While trying to record “Peggy Sue” after many unsatisfactory takes, Sullivan ended up kneeling next to Holly while he played, and when cued flipped a switch on Holly’s Stratocaster, allowing him to break into the now-famous rhythm guitar solo. He also helped sing on back up and arrange the music to “Not Fade Away” (which he helped write), “I’m Gonna Love You Too”, “That’ll Be the Day” and “Maybe Baby”. It was around this period that he also wrote and produced the single “Look to the Future,” which was recorded by Gary Tollett and The Picks, who often did back-up vocals for the Crickets.
April 1, 2004 – PaulAtkinson (The Zombies) was born March 19, 1946 in Cuffley, Hertfordshire, and educated at St Albans School. At St Albans, Atkinson met Rod Argent and Hugh Grundy and the three formed a band initially called the Mustangs.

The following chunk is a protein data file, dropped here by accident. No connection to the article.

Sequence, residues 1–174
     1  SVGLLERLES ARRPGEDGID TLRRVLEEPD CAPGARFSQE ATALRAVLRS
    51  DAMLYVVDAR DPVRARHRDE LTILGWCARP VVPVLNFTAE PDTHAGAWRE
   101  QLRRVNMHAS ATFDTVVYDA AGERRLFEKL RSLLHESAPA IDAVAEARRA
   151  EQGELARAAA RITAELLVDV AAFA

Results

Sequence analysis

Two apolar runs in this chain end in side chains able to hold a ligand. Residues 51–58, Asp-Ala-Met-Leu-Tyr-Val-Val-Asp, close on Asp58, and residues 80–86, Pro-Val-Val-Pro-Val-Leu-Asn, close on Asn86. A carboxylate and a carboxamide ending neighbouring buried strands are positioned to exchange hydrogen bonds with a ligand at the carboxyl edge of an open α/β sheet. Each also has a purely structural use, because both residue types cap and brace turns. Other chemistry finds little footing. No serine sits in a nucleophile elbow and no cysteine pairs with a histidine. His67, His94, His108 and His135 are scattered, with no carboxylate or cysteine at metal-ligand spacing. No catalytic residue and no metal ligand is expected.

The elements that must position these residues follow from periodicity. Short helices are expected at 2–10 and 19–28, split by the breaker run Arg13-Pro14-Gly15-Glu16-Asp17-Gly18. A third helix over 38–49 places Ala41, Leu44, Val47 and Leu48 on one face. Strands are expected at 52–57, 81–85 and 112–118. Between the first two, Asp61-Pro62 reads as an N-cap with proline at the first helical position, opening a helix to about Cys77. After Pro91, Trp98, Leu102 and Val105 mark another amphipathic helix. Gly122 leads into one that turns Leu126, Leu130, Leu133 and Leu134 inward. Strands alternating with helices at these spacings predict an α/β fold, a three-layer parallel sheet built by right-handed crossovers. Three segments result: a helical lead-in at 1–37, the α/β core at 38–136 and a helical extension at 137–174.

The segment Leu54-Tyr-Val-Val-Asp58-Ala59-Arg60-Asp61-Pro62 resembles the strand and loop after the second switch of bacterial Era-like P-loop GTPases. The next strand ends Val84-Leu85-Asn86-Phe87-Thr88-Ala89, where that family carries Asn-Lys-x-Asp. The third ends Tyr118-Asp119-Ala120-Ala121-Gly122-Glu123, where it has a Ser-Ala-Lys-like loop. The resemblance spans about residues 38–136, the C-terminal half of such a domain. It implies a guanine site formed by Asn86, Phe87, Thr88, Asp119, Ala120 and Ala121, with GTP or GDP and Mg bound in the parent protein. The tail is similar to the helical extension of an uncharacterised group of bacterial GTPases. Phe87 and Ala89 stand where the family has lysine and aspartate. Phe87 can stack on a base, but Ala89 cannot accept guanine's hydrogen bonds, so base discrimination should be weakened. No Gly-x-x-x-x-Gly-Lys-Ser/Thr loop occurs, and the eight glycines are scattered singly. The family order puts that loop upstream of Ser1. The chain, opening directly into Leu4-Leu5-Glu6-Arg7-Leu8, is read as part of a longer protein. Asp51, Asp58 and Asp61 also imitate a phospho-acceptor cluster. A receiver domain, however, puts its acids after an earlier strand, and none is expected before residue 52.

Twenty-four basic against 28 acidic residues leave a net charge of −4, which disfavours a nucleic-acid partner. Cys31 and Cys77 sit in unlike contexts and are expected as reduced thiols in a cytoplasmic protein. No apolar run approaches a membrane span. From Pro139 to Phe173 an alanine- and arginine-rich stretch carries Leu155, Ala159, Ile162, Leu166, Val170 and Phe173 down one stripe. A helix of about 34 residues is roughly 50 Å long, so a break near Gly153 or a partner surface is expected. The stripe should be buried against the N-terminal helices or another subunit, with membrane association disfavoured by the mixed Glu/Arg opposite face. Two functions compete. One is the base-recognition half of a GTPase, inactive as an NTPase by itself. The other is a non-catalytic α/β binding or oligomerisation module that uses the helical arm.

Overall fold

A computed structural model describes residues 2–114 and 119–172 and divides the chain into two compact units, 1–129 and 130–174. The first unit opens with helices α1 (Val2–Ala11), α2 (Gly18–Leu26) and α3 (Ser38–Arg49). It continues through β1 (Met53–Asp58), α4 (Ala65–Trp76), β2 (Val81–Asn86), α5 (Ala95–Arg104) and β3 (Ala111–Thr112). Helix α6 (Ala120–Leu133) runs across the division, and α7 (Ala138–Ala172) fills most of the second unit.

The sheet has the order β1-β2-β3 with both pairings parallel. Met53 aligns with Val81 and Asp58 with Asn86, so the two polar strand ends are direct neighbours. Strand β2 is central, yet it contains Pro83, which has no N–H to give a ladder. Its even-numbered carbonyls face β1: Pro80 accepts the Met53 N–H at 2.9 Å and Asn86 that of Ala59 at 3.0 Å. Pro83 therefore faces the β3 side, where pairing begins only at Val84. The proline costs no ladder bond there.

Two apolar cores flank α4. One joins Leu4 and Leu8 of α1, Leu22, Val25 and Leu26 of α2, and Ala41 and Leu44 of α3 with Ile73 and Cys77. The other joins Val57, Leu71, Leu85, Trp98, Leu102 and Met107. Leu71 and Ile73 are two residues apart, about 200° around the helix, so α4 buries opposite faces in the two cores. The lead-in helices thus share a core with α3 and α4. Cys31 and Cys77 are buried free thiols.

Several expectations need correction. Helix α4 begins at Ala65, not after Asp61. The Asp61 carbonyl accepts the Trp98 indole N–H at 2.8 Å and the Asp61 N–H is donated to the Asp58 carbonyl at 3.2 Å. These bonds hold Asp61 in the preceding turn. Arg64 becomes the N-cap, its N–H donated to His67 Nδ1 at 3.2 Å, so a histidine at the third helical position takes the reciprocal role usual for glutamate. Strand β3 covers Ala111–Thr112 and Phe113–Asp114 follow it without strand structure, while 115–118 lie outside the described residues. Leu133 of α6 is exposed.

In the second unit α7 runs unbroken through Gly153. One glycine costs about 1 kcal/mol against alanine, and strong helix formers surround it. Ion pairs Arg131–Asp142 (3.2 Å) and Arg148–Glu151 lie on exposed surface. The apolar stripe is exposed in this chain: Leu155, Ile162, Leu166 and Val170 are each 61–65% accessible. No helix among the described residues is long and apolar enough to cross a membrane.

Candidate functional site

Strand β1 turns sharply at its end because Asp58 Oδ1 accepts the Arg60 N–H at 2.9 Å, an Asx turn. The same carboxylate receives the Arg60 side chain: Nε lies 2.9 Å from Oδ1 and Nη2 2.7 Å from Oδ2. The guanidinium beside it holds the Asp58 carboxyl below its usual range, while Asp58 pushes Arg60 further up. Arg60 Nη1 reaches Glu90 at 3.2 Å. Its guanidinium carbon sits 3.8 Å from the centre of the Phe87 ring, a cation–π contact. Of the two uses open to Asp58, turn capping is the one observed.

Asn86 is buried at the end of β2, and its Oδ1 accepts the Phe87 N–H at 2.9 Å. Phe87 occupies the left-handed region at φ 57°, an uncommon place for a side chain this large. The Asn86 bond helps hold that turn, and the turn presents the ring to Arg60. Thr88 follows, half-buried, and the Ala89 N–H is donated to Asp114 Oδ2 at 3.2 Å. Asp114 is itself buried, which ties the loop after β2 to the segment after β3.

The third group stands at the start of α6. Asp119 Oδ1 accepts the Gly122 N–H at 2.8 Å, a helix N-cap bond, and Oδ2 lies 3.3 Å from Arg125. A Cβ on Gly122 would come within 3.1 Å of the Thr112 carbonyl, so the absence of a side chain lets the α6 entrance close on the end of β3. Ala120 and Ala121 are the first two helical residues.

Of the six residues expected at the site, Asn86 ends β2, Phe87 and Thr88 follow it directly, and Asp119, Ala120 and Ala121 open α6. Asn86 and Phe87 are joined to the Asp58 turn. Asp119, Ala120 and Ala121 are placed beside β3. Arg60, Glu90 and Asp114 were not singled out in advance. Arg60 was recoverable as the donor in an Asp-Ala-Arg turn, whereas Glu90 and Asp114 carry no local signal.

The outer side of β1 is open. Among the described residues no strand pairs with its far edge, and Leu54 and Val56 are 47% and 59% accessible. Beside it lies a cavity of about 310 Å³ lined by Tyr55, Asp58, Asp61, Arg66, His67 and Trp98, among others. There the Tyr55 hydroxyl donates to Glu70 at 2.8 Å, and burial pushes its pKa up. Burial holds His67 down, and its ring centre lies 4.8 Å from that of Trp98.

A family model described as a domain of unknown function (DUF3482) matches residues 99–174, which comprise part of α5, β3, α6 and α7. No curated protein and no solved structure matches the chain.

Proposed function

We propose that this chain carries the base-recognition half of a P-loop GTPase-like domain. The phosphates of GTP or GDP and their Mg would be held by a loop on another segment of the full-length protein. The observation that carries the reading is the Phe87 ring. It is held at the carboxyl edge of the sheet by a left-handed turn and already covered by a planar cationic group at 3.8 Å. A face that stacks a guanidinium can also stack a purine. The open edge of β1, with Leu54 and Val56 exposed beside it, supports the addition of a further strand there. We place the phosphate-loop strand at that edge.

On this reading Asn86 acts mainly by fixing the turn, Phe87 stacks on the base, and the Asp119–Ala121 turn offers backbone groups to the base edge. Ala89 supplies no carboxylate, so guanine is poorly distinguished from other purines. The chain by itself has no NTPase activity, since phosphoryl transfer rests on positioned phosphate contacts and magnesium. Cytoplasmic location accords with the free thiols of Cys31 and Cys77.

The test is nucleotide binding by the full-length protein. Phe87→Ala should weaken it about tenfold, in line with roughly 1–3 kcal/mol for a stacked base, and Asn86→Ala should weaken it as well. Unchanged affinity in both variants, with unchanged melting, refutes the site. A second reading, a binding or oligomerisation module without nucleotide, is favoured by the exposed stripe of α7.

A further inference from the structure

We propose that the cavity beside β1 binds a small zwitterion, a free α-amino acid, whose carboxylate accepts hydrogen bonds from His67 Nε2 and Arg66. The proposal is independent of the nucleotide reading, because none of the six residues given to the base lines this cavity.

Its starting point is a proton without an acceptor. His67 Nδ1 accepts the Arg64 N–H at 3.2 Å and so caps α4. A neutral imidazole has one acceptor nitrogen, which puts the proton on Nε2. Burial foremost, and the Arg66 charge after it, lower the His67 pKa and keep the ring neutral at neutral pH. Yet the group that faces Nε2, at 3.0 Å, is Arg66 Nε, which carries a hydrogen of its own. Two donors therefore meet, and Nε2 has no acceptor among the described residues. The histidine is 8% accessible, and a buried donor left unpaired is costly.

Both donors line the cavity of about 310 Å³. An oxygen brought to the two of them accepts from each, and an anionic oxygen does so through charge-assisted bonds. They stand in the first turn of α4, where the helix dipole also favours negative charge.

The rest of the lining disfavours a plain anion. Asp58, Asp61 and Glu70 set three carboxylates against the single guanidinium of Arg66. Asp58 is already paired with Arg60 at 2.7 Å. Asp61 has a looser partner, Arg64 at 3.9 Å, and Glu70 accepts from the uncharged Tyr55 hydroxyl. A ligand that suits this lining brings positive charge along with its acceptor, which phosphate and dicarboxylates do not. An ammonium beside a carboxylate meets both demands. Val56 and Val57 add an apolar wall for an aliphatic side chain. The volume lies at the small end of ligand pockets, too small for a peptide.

Colin Blunstone and Paul Arnold joined the new band in early 1961, but Arnold left in 1963 and was replaced by Chris White. After the group won a local contest, they recorded a demo as their prize. Argent’s song “She’s Not There” got them a deal with Decca and was a hit in the UK, the European continent and the US.
The group continued to record successfully through the early 1960s, but disbanded in December of 1967, shortly after finishing their final album “Odyssey & Oracle,” reportedly over management disagreements. The album including megahits “Tell Her No” and “Time of the Season”.
March 26, 2004 – Jan William Berry (Jan and Dean) was born April 3rd 1941 in Los Angeles California. His mother was born in Norway and his dad was the project engineer for Howard Hughes “Spruce Goose”, the largest flying boat ever built, with a wing span of one inch short of 320 feet. He flew on the plane’s only flight with Howard Hughes.